The Government’s new National Biomethane Strategy (NBS) abjectly fails to address the multiple and very serious issues raised by An Taisce and by the Environmental Protection Agency (EPA) during the public consultation. As required by the Aarhus Convention, the purpose of public consultation is to improve draft proposals but the final NBS shows that this has not happened.

Therefore, the Departments of Agriculture (DAFM) and Climate (DECC) are open to an Aarhus complaint and it is now entirely possible that large amounts of public monies will be spent supporting a Strategy that may deliver little or no climate benefit and could likely increase nitrate water pollution and ammonia emissions, contrary to Ireland’s international commitments.  

The EPA submission strongly advised that, to reduce the risk of poor implementation, “the Strategy should clearly set out the actions, targets, timeframes and responsible owners for implementation”. The new NBS provides no such clarity, therefore the Strategy and the Green Gas Certification Scheme lack credibility.

An Taisce’s submission raised a number of credible and serious concerns, based on peer-reviewed and EU report evidence. However, the updated NBS does not address any of this evidence directly, and it fails to provide any certainty that the Strategy will be backed by effective regulatory measures and to ensure sustainability concerns are met. 

Consequently, the Strategy does not evidence meaningful public engagement by the Departments. The Strategy lacks transparency: it is unclear what is being signed up to, what risks are entailed, what benefits are likely relative to alternative options, nor how much the Strategy’s delivery will ultimately cost the public purse. 

The Government is now seeking €40 million in capital funding from the EU, but even in outline form the NBS does not remotely satisfy the requirement on public bodies to evaluate, plan and manage public investment. 

It is likely that this NBS will primarily act to support greenwashing of fossil carbon “natural gas” delivery and increase the economic viability of emissions-intensive milk and meat production. System change to resilient national energy and agri-food systems is urgently required, but the NBS mostly reinforces the business-as-usual model for Irish agriculture which is unsustainably imbalanced toward intensive livestock production.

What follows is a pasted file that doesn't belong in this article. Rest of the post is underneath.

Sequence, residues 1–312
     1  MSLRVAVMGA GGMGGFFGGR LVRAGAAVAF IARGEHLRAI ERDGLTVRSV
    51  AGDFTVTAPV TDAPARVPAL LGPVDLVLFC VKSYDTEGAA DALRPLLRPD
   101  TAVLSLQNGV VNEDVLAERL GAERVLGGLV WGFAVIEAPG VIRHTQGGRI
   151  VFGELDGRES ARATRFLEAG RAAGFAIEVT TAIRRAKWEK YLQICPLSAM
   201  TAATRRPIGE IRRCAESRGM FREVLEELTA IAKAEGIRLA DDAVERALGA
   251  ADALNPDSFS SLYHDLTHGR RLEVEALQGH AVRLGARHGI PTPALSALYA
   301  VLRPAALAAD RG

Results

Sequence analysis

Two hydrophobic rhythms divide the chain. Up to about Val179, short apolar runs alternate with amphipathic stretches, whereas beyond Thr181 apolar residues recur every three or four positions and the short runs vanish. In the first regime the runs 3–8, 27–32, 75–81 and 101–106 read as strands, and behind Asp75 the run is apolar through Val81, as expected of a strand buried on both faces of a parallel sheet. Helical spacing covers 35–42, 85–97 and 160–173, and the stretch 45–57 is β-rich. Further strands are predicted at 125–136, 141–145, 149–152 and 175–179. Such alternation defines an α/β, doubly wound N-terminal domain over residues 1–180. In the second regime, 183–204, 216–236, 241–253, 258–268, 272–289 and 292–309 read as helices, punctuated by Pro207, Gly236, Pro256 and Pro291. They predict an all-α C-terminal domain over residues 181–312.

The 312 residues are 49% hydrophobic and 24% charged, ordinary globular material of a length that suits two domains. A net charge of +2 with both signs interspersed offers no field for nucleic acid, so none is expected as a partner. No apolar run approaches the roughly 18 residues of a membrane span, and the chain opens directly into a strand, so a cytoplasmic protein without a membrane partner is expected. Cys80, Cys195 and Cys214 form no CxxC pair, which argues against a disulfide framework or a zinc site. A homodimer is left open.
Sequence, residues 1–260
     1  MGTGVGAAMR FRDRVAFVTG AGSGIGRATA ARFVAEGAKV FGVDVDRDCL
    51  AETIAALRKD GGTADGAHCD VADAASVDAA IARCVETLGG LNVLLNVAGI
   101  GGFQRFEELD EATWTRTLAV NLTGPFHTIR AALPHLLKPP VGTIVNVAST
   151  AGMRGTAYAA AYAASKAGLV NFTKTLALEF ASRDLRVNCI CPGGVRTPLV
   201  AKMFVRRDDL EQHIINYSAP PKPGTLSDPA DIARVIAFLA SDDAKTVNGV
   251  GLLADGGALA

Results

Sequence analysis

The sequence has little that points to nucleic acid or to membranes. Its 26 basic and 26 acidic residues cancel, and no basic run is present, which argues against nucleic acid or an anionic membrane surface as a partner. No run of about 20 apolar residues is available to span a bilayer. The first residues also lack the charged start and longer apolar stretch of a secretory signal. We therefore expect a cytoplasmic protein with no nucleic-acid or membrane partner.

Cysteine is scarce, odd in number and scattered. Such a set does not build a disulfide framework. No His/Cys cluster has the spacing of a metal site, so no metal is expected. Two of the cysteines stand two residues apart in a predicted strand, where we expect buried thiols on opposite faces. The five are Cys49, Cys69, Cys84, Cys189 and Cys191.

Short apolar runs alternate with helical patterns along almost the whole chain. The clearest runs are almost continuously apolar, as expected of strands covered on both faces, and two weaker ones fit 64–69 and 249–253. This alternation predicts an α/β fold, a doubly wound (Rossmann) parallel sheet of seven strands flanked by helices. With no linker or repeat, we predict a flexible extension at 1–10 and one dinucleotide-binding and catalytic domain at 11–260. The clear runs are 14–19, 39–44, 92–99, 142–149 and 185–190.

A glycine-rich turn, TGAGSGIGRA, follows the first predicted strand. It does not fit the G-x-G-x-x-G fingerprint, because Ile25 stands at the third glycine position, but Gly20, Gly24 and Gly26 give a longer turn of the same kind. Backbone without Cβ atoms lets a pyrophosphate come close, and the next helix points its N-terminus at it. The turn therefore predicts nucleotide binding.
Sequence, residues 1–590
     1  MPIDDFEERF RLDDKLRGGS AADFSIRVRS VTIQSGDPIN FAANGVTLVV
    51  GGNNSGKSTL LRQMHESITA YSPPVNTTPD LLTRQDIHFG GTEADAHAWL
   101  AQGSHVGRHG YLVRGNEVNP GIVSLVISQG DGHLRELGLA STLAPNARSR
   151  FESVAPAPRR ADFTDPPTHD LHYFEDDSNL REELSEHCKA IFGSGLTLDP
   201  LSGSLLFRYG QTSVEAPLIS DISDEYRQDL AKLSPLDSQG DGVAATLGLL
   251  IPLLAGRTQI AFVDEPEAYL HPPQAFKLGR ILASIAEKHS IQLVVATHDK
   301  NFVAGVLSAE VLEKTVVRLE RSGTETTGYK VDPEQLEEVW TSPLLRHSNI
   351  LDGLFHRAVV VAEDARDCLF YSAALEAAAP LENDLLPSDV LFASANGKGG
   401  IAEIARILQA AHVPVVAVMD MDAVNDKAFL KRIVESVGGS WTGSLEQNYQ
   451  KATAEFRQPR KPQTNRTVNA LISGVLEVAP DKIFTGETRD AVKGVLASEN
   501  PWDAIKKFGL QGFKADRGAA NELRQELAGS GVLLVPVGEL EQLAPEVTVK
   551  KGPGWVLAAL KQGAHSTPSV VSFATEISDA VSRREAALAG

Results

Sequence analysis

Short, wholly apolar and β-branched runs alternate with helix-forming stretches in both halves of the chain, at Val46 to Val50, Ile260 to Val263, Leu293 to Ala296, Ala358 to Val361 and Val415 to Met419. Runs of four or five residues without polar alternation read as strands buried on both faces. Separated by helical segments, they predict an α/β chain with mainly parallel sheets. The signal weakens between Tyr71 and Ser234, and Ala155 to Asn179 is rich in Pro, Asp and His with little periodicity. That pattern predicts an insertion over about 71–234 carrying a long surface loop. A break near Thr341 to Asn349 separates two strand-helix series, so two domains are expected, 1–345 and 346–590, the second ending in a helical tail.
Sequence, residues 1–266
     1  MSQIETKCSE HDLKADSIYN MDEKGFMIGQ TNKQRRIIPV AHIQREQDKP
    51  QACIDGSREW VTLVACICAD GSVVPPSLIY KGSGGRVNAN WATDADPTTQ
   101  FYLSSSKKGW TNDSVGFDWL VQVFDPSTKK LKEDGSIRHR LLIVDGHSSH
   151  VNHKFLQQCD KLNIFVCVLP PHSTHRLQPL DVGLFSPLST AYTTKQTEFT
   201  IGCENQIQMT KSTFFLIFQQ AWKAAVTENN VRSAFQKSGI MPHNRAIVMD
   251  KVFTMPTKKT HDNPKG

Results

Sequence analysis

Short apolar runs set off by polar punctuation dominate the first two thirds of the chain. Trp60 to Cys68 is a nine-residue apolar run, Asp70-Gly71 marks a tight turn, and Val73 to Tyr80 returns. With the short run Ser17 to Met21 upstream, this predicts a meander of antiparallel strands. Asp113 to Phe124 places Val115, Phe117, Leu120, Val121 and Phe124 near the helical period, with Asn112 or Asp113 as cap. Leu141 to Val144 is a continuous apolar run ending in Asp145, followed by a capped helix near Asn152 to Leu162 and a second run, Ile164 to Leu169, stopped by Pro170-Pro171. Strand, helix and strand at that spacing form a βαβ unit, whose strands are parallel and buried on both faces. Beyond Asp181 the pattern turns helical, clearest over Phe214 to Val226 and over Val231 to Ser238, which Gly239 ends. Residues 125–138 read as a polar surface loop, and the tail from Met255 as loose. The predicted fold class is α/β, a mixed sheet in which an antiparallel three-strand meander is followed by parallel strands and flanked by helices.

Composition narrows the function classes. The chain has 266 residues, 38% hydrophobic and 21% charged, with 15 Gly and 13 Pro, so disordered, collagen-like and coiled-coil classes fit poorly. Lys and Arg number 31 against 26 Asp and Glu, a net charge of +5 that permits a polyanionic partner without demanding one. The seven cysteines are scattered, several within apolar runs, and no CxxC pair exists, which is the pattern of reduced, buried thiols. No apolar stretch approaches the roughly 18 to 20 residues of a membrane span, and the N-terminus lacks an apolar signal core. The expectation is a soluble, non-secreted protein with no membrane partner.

Rather than being evidence-led and society-centred, the NBS states it will be "agri-led and farmer-centric". The updated NBS text overtly embeds bias toward vested interests by allowing industry stakeholder influence over its implementation and governance.

The only substantive improvement in the NBS relative to the Draft version is a new section on the (previously unmentioned) importance of minimising methane leakage from anaerobic digestion (AD) plants. However, this section fails to address the seriousness of the issue: it ignores the peer-reviewed international evidence showing unsustainably high methane losses from existing AD plants and instead cites only a biogas industry study.

Otherwise, the revised Strategy has ignored all of the key issues raised by the EPA and An Taisce, including the need for rigorous independent oversight, enforced limits on chemical nitrogen use in feedstock production, minimising AD plant impacts on communities, and limiting pollution from use of the digestate by-product as a fertiliser. 

The credibility of the NBS or "Green Gas" credits as “sustainable” or significantly reducing climate impact relies on having an arms-length regulatory agency with clear enforcement powers and separate resources. But the NBS entirely fails to identify the crucial importance of independent regulatory oversight, by the EPA or any other agency, and makes no provision for the necessary annual budget requirement to cover that function. 

These issues strongly indicate that large scale AD biomethane should not proceed without assessing far smaller scale roll-out first, and modelling of alternative options, which may be less costly and come with lower environmental impacts. In summary, the NBS is highly liable to further support existing business as usual vested interests at substantial public cost for little climate or environmental benefit. 

Collectively, we need to outline an energy and land-use transition that is demonstrably aligned with meeting Ireland’s agreed carbon budgets and producing food and energy within ecological limits to guide society and farming to the most resilient possible future. By failing to meet these crucial parameters, the new National Biomethane Strategy is not up to the task.